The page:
Here in Bellingham, in the Cordata neighborhood (right down the street from Christ The King church), there is a shop for a company named Spirit Halloween (www.spirithalloween.com). I went in there today for the first time. They have all kinds of products with which one can celebrate All Hallows Eve. From fake eyeballs and severed fingers to all manner of costumes, they have it in stock. They also sell pumpkin carving kits from Pumpkin Masters. (A guy working in the shop told me, however, that he'd be more likely to buy the Dremel pumpkin carving tool sold at Amazon.com, because that unit was powered from the wall outlet, whereas the Pumpkin Masters saws were battery powered.)
They also sell a lot of safety-oriented things like glow sticks, to protect kids from being hit by cars while they are out trick-or-treating in the neighborhood. (See www.halloween-safety.com.)
Some Christians deplore Halloween, due to the roots of the holiday in a tradition going back to the Druids, who worshipped Samhain, the Lord of Darkness. To some Christians, that probably sounds uncomfortably similar to worshipping Satan!
But one doesn't have to dress like Samhain or Lucifer or Jason Voorhees from the Friday the 13th movies in order to frighten a Christian. Judging by the recent treatment I have gotten from a couple of Bellingham churches, one merely needs to threaten to tell the truth. You know, that thing that ostensibly sets people free!
Brad Howell, from Hillcrest Chapel, told me that I would be arrested if I dared to show up at that church, because I'd threatened to tell people that they had done absolutely nothing to help me when I'd pled with them to find a house sharing situation so that I would not have to stay at the Lighthouse Mission.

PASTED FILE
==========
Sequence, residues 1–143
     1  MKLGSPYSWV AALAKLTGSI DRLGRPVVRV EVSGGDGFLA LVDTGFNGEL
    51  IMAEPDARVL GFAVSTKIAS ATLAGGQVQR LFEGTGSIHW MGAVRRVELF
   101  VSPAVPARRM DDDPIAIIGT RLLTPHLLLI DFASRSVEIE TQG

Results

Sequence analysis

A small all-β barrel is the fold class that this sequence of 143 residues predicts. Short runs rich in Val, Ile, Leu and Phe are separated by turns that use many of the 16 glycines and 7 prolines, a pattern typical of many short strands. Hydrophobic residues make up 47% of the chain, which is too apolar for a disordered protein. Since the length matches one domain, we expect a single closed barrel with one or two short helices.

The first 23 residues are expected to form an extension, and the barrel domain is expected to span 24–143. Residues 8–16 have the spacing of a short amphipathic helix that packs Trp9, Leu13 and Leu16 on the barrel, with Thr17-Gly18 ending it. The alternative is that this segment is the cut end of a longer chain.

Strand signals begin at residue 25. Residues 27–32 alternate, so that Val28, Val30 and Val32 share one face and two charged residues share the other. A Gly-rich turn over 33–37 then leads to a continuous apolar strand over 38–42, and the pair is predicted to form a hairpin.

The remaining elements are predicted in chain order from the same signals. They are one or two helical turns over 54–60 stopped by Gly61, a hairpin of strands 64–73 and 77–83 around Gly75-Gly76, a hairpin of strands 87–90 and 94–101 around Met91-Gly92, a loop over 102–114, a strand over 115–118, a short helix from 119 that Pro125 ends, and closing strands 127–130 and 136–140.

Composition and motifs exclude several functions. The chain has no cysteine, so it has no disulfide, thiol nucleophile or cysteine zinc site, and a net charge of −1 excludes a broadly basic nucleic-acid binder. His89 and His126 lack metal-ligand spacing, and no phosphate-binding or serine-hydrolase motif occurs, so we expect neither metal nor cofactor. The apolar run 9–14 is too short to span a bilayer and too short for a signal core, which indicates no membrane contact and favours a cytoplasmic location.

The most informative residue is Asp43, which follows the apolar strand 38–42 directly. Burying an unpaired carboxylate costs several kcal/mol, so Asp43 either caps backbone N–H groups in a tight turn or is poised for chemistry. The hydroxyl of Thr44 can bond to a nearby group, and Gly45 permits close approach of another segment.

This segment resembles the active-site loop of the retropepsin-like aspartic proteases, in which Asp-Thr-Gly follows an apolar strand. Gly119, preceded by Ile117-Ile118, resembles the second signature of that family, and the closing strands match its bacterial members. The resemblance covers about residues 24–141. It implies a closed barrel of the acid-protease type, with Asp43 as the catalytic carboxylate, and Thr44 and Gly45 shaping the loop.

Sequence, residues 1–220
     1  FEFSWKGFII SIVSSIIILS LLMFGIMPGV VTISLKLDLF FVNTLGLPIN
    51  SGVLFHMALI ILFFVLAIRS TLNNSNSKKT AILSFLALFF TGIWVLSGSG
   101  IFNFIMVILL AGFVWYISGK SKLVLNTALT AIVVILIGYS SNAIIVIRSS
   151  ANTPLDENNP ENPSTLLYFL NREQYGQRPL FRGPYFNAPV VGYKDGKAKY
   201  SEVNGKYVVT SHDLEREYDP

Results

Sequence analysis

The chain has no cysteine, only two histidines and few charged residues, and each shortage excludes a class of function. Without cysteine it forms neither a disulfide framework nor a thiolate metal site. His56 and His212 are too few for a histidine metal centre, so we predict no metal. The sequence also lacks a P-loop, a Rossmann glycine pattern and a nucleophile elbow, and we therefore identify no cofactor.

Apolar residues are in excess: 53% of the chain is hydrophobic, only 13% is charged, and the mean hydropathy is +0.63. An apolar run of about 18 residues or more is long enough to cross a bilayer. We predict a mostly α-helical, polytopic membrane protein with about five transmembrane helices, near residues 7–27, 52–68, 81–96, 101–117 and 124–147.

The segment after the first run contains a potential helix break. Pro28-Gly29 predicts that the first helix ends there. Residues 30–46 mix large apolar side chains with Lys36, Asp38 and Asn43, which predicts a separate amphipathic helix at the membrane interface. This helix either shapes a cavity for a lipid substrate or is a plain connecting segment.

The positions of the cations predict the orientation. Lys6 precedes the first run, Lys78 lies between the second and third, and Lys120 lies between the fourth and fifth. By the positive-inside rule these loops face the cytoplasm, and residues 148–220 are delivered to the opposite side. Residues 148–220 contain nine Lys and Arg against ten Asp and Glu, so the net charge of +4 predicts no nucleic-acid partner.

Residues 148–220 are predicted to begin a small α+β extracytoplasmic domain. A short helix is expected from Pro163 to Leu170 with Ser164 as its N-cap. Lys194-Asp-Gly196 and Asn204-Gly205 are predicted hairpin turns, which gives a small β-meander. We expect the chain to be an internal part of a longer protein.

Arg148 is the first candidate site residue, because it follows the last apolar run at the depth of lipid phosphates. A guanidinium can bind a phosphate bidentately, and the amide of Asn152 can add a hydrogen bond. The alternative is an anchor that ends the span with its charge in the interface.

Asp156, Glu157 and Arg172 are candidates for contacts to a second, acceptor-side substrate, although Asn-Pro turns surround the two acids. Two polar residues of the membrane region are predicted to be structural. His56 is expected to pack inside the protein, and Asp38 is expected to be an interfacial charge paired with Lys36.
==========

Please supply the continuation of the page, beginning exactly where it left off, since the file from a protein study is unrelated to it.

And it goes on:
Needless to say, I did not appreciate getting that letter from Brad. But I still was a believer, so when Steve Loeppky did some practical things to help me out, I decided to attend his church, Mosaic.
Well, it seems that the more things seem to change, the more they stay the same. The same old bullshit, I mean. Recently, I was banned from attending Mosaic, because I'd audaciously asked a woman to let me know if she would be interested in going out for a cup of coffee in order to get to know me. I mentioned that I was feeling in need of a female partner, and I found her attractive.
Ooooh, scary. NOT.
When I talked about this episode with Fred Sprinkle, who works at Logos Bible Software, he said that he thought my invitation might have seemed "weird" to that woman because I was somewhat older than she. OK, maybe it did. But she is presumably an adult, even if she is younger than I. Since she is capable of sending an email herself, all she had to do was to send me a message telling me that she was not interested, as another woman from that fellowship, Deborah Lutz, had done. (I was disappointed when Deborah did that, but I can take no for an answer and I stopped asking her.) Instead, like a baby, the aforementioned woman went running to Matt Atkins, asking for his protection. Hence, I got a text message on my cell phone, telling me that I would no longer be welcome at that church.
I always thought that Christian ministry was supposed to be about love and compassion. But I've encountered far too many power hungry pastors to believe that that is how everyone sees things. No wonder so many people have turned away from God altogether. They may rationalize the decision to do so by claiming that they can't deal with inconsistencies in the Bible, but really, I think it has a lot more to do with the inconsistencies they see in the lives of people who claim to speak for God.
P.S. In all fairness, I should acknowledge that I learned yesterday, from an email from a fellow believer, that the woman I'd asked out for coffee was only 19 years old. Holy cow! I knew that she was younger than I; that was obvious. But I would never have seen her as a potential partner if I'd been aware that the age gap between us was so large (nearly 40 years).
19 is not legally a minor, and that woman is only a couple of years younger than my parents were when I was born. So I still maintain that it was preposterous for Matt Atkins to call me a predator. (I have never "preyed" on anyone, man or woman, and I find such an accusation to be unjust and insulting.) But I guess that I can understand why she might feel that my written invitation to have coffee with me might have seemed a bit "weird" to her. In retrospect, it seems a bit weird to me too. I really have got to get better at estimating women's ages based on their physical appearances.